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Comey admits he asked a friend to leak Trump memos hoping the DOJ would appoint a special prosecutor

Former FBI Director James Comey admitted Thursday before the Senate Intelligence Committee that he got a friend to leak memos of his conversations with President Trump to the press. Comey said he didn't personally share his written accounts of his talks with Trump regarding the Russia probe "for a variety of reasons," but got a friend to pass them along to a reporter because he believed it might "prompt the appointment of a special counsel." Shortly after the memos surfaced, Robert Mueller, a former FBI director, was tapped to lead an independent investigation into the Trump team's ties to Russian election meddling.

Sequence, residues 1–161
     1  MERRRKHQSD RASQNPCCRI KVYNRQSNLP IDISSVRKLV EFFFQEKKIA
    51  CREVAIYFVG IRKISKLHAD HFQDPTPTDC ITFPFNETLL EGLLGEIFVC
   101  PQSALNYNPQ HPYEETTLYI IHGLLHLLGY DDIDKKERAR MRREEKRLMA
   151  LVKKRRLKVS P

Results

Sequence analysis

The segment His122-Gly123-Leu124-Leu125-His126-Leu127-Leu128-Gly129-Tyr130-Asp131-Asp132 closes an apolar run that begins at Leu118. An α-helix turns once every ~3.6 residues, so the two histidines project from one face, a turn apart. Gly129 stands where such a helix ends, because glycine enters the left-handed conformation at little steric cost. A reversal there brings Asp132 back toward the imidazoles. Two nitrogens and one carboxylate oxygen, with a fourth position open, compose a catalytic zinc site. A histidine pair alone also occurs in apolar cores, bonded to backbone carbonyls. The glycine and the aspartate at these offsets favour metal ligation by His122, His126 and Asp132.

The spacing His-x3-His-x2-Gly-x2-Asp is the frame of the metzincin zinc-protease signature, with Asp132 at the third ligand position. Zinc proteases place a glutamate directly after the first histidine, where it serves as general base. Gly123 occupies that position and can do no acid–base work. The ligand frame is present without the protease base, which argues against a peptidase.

Comey said Trump's tweeting prompted him to decide to leak the memos. He said he woke up in the middle of the night after Trump threatened Comey in a tweet with "tapes" of their conversations, realizing that he needed to get his version of events "out into the public square."

Comey indicated the friend who did the leaking was a professor at Columbia Law School. Politico's Gabriel Debenedetti connected the dots back to Columbia Professor Daniel Richman, whose bio describes him as "an adviser" to Comey.